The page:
For some, cancer is a crisis. For others, once they get over the initial shock of a frightening diagnosis, it becomes an opportunity to test their ninja skills.
Such was the case for Julie Aigner Clark, the founder of Baby Einstein, who was diagnosed with breast cancer in 2008 and has since created Cancer Assassin, an organization designed to support a cure for cancer.
If anyone can create a successful brand, it’s most definitely Aigner, the originator of Baby Einstein books, videos and toys. After leaving her high school English teaching job to stay home with her baby, one of her priorities was to teach her daughter about the things she loved most---music and literature. When she found nothing on the market to support her small-scale mission, she made it her large-scale mission to create a brand that my kids in particular became completely engaged in.
They loved the calming videos with very simple beautiful photography, classical music, and stimulating video footage of all sorts, including the use of puppets. Come to think of it, we got through “potty” training my son by offering a new Baby Einstein puppet from the videos a few times as a gift for his mindfulness surrounding our small-scale mission to stop buying diapers.
Eventually, after Aigner built it up to a multimillion-dollar company, she sold it to Disney. Since then, that media category, which did not exist before Aigner filled the need, is now a tremendously influential market with many products inspired by Baby Einstein.
Aigner’s next mission was “The Safe Side,” which she created after having another child and they started school. Aigner discovered yet another untapped market---teaching kids about safety through entertainment. She teamed up with John Walsh (host of America’s Most Wanted) and her pair of DVDs won an Emmy Award in children’s programming. All of the net proceeds supported the National Center for Missing and Exploited Children.
And now for some proof that “bad” things can happen to “good” people. When she was 37, she was diagnosed with stage 1 breast cancer. Post-surgery, she spent the next four years cancer-free. But again in 2008, it returned and her new diagnosis revealed stage 4 breast cancer had metastasized to her liver. By then, she was 42 and completely pissed off when doctors gave her less than a year to live.
Instead of succumbing to depression or anxiety, she decided to fight. The Cancer Assassin website quotes, “I adopted the term cancer assassin then, because I was going to do everything in my power to kill what was trying to kill me. I knew I might die anyway, but I was ready to fight. This is the attitude of a cancer assassin.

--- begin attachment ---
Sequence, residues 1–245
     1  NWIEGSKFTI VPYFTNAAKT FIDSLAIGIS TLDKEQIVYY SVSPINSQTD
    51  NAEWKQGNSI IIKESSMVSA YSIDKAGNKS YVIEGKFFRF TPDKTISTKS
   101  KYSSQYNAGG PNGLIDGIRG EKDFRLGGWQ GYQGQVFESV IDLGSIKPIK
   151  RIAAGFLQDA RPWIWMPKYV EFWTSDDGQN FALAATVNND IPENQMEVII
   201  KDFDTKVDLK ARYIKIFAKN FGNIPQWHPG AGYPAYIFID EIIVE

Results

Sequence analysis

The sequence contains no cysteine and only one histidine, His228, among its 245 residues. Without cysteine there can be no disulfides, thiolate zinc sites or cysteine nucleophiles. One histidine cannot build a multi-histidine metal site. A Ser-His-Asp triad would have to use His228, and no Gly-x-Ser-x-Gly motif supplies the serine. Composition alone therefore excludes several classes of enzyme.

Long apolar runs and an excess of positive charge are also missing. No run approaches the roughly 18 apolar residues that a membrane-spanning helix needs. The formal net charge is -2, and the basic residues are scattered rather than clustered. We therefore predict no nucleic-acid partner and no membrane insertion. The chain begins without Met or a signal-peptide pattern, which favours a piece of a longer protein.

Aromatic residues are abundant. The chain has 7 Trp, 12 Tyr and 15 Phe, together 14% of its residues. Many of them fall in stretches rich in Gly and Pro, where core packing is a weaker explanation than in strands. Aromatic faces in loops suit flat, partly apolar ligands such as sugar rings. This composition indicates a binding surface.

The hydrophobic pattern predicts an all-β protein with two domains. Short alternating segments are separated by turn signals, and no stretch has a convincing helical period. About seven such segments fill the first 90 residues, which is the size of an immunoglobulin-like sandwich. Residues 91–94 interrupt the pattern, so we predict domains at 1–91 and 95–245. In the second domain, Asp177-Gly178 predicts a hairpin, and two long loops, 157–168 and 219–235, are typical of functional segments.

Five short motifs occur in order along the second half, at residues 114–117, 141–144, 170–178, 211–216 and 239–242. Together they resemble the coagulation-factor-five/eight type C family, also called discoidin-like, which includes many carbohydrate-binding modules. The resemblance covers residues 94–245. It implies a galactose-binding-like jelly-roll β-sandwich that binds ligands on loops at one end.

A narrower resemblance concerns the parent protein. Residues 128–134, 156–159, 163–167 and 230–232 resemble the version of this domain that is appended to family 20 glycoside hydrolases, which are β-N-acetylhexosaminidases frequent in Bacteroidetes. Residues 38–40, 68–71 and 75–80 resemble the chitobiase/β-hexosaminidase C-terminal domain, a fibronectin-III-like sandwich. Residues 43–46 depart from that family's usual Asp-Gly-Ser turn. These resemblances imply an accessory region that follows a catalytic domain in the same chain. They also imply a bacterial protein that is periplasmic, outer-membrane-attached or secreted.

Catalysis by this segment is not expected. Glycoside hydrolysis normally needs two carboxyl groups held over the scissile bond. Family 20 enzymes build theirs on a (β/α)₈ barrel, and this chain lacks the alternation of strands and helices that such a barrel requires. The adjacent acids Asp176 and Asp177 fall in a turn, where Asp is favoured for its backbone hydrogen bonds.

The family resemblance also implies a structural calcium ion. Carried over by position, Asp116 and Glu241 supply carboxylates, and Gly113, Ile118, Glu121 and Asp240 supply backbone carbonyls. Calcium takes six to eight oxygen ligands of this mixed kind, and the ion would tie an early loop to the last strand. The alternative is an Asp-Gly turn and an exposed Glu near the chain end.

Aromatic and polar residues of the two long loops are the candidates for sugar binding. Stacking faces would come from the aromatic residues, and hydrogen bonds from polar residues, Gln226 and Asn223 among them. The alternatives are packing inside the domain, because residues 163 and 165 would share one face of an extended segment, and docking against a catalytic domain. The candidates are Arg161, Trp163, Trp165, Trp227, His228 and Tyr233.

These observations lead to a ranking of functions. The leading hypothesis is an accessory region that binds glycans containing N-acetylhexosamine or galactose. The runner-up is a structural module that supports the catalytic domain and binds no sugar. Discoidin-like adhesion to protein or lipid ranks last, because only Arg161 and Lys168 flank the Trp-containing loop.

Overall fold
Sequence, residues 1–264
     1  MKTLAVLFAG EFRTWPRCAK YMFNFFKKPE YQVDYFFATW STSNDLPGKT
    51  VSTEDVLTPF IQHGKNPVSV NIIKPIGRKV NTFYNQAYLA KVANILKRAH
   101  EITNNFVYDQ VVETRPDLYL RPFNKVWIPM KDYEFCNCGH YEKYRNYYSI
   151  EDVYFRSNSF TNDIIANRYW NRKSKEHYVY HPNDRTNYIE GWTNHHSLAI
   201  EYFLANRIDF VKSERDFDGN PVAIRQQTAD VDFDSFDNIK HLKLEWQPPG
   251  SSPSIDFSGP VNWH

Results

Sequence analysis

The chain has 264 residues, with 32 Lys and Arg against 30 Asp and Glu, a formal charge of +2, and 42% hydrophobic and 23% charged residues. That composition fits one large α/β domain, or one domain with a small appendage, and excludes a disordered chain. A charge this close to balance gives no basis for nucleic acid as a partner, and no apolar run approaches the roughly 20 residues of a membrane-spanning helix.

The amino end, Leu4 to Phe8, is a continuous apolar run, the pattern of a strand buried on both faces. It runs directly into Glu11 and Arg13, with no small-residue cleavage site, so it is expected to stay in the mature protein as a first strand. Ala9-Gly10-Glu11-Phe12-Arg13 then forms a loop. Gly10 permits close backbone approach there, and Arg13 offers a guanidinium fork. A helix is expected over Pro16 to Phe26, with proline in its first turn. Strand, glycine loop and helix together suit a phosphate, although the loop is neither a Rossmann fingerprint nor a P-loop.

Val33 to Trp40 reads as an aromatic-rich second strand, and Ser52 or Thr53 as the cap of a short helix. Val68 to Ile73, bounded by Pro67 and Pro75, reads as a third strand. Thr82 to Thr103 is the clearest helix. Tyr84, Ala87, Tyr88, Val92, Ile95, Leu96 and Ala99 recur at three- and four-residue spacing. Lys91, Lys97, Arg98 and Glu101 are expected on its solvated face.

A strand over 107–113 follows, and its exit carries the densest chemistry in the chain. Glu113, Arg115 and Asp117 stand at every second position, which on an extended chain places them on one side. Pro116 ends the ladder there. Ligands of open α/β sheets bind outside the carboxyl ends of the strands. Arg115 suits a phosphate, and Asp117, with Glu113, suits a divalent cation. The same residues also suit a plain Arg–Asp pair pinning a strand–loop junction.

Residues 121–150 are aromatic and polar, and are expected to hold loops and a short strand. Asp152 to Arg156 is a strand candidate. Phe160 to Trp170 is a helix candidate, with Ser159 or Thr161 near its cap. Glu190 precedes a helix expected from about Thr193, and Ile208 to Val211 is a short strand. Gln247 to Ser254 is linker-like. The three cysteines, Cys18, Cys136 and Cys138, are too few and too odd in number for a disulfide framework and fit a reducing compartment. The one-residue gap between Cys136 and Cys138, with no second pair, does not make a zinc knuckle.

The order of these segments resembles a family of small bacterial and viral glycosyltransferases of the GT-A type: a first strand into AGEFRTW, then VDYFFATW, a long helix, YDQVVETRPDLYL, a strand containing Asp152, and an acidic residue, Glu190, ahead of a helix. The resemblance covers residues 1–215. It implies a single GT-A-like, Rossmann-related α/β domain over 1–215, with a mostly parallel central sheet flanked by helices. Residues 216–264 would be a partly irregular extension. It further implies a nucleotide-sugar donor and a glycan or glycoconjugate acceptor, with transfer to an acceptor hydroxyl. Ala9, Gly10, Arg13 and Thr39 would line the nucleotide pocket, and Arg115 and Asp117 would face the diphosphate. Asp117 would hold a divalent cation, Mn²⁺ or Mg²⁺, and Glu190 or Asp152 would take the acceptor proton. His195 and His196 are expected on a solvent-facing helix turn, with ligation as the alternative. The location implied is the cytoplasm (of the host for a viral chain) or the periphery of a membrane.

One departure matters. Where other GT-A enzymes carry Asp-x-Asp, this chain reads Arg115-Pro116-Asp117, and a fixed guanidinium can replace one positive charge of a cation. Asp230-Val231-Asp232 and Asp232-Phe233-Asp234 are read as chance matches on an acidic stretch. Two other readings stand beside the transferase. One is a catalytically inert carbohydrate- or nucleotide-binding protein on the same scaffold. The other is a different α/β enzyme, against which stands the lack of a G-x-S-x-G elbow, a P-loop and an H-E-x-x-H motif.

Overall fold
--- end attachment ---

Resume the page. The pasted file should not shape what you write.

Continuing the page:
“I had surgery to remove the breast tumor and lymph nodes, and started chemo. I did a lot of reading and improved my already pretty healthy diet, started yoga and meditation. Found the best oncologist around. Wore hats and wigs and looked pretty sick for a while. And then I went in for a post-chemo PET scan and was told there was no evidence of cancer in my body anymore. I was, indeed, a cancer assassin.”
She also had another round of surgery to remove her ovaries and avoid more problems, and then became part of a clinical trial conducted at the University of Washington.
“I continue to swallow medication and lots of supplements,” she says. “I go to the infusion center every three weeks to receive a drug called Herceptin, which I’ll likely do for the rest of my life. It’s okay. I’m happy to take it. I’m here.”
Her chosen method of helping others kick cancer’s butt is to sell clothing with the Cancer Assassin logo and funnel 100 percent of the net proceeds into the efforts of Dr. Nora Disis, an American Cancer Society funded grantee. Dr. Disis is with the tumor vaccine group at the University of Washington, where her work centers on cancer and immunotherapy.
Aigner adds, “It’s my belief, as a cancer assassin who participated in a clinical trial that used immunotherapy, that it’s the future of the fight. It makes sense. It uses the body’s own immune system to fight cancer, which is a hell of a lot better than pushing poison (known as chemotherapy) through a patient’s veins. How incredible will it be when we live in a world where ‘chemo’ is just a historical term?
“Immunotherapy is a new class of cancer treatment that works to harness the innate powers of the immune system to fight cancer. Because of the immune system's unique properties, these therapies may hold greater potential than current treatment approaches to fight cancer more powerfully, to offer longer-term protection against the disease, to come with fewer side effects, and to benefit more patients with more cancer types.”
There isn’t any doubt in my mind that Aigner’s cancer “opportunity” has already spilled over and will help save the lives of many others.